Rep. Jeff Flake (R)
Elected: 2000, 5th term.
Born: Dec. 31, 1962, Snowflake .
Education: Brigham Young U., B.A. 1986, M.A. 1987.
Family: Married (Cheryl); 5 children.
Professional Career: Pub. plcy. exec., Shipley, Smoak & Henry, 1987-89; Exec. dir., Fndt. for Democracy (Namibia), 1989-90; Owner, Interface Pub. Affairs, 1990-92; Exec. dir., The Goldwater Inst., 1992-99.
The congressman from the 6th District is Jeff Flake, a Republican first elected in 2000 and known in his party as a maverick. A fifth-generation Arizonan, he is a Mormon who was born and raised on a ranch in Snowflake, a town named after his great-great-grandfather. The fifth of 11 children, Flake graduated with a degree in international studies from Brigham Young University and did missionary work in South Africa and Zimbabwe. In 1989, he moved to Namibia to become executive director of the Foundation for Democracy, which monitored democratic progress in that country. After Namibia gained independence in 1990, Flake returned to Arizona and became executive director of the Goldwater Institute, where he led the fight for Arizona’s charter-school law. In 2000, when conservative Republican Matt Salmon kept his pledge to serve only three terms in Congress, he hand-picked Flake to succeed him. Flake faced four opponents in a hard-fought September primary, in which he ran as the most conservative candidate. He had the support of several prominent Republican state leaders and was bolstered by more than $200,000 from the anti-tax organization Club for Growth. Flake won with 32% to 24% for Phoenix Councilman Sal DiCiccio. In the general election, Flake won 54%-42% over Democrat David Mendoza, a longtime lobbyist for public employees.
|Jeff Flake (R)||208,582||(62%)||($845,005)|
|Rebecca Schneider (D)||115,457||(35%)||($4,478)|
|Rick Biondi (Lib)||10,137||(3%)|
|Jeff Flake (R)||Unopposed|
Prior Winning Percentages: 2006 (75%), 2004 (79%), 2002 (66%), 2000 (54%)
Flake promised to serve no more than three terms and to “continue to rock the boat” as Salmon had as a principled conservative who often bucked the Republican leadership. In his first year in the House, as Congress debated the first round of Bush-era tax cuts, Flake said that it would be a mistake for the Republican president to limit his proposed tax cut to the “easy things,” such as repeal of the marriage penalty, and estate and gift taxes. He called for replacing the income tax with a national sales tax, a proposal that never got off the ground. Flake has a habit of taking lonely stands. He was one of two members who voted against a bill to punish Sudan for its human-rights abuses. Flake said he had seen in Africa the adverse impact of economic sanctions on poor nations. He was one of 33 Republicans who voted against final passage of Bush’s No Child Left Behind education bill in 2001, and one of 25 Republicans who opposed the GOP’s Medicare prescription drug bill in 2003.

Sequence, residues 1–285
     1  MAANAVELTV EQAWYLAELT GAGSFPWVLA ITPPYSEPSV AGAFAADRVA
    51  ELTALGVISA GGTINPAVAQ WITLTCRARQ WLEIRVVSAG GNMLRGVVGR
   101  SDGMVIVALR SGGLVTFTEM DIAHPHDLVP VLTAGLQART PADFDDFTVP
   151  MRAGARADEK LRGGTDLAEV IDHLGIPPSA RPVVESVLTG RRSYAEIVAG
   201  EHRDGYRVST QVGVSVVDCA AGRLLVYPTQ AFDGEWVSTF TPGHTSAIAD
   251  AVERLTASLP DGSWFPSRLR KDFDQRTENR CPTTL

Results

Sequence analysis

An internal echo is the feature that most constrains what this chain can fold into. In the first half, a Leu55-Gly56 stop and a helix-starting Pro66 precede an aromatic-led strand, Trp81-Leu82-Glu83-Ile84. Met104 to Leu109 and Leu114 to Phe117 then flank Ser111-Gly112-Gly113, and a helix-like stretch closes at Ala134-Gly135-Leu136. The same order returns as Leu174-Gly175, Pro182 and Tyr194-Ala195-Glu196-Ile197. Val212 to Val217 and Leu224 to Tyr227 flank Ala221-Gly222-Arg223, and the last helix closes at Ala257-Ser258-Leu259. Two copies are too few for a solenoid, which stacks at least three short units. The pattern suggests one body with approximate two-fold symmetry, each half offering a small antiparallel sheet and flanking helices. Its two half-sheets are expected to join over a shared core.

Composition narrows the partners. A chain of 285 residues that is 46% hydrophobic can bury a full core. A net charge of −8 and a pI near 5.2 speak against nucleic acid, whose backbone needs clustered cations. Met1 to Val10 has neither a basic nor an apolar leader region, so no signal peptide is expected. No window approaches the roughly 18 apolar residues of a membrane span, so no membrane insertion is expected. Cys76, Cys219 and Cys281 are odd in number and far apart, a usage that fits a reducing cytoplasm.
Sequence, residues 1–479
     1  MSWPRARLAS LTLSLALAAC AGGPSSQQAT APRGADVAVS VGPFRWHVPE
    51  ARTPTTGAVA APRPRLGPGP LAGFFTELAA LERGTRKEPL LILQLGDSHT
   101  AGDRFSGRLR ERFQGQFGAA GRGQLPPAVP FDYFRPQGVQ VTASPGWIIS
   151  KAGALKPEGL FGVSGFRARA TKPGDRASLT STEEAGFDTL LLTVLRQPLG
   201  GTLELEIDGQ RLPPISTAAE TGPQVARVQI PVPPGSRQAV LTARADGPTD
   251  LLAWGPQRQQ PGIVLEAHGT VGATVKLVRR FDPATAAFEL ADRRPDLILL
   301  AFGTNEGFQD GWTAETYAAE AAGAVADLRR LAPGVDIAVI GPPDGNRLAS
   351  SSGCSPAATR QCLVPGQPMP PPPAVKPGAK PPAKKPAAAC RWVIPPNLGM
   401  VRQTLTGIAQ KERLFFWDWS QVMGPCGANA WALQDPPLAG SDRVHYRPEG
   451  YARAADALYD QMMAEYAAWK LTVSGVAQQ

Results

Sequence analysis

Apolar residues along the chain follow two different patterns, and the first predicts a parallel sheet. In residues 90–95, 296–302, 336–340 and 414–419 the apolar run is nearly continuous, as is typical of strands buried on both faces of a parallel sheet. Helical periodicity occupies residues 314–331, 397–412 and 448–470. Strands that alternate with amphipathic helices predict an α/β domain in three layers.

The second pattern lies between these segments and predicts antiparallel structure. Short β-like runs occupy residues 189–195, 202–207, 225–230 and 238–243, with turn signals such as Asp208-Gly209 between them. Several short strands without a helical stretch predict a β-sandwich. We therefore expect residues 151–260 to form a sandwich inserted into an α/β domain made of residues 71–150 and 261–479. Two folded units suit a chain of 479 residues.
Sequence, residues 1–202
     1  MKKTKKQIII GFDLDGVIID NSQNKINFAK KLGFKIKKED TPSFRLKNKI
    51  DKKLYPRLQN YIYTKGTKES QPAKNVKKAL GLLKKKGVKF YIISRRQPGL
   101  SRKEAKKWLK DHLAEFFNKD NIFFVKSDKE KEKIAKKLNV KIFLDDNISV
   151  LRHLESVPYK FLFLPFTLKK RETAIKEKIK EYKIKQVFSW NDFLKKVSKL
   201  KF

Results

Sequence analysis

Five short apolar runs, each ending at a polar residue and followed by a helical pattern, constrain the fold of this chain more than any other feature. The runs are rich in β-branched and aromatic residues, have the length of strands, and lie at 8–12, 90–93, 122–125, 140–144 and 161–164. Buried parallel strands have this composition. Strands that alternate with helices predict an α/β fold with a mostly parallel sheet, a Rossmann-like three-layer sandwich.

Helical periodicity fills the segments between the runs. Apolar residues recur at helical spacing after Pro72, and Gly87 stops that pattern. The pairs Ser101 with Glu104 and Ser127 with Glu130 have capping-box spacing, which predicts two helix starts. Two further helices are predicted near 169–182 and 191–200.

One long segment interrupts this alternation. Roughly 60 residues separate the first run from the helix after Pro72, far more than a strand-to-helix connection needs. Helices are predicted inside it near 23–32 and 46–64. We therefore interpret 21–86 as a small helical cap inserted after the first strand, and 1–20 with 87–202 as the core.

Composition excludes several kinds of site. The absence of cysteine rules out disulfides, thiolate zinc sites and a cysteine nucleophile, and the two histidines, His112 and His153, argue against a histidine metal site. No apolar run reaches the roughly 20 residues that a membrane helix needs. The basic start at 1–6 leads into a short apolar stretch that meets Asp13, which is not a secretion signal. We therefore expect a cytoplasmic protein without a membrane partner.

Perhaps his loneliest stand has been his battle against congressional earmarks, the special spending provisions slipped into bills by lawmakers to benefit their individual districts or states. The federal projects are then touted by their sponsors at election time, and due to its political value, earmarking is a widespread practice in Congress. From the beginning of his service in the House, Flake vowed never to ask members of the Appropriations Committee for earmarks. He has sponsored numerous amendments to delete specific earmarks, and in 2004 he began naming an “Egregious Earmark of the Week.” Almost all of his amendments have been overwhelmingly defeated. He got an average of 68 votes for them in 2006 and 85 votes in 2007. Flake finally won a round in June 2007, when he targeted $129,000 requested for the Home of the Perfect Christmas Tree sought by North Carolina Republican Patrick McHenry. Democrats, irritated by McHenry’s pugnacious conservatism, provided most of the votes for passage. In July 2007, Flake sought to block fellow Arizona Rep. Ed Pastor’s earmark for a Maricopa Community Colleges project after The Arizona Republic reported that MCC had hired Pastor’s daughter to run the program. When appropriators once tried to call him out for hypocrisy by publicizing his requests to them for military spending projects, Flake responded that earmarks solely for national defense were legitimate.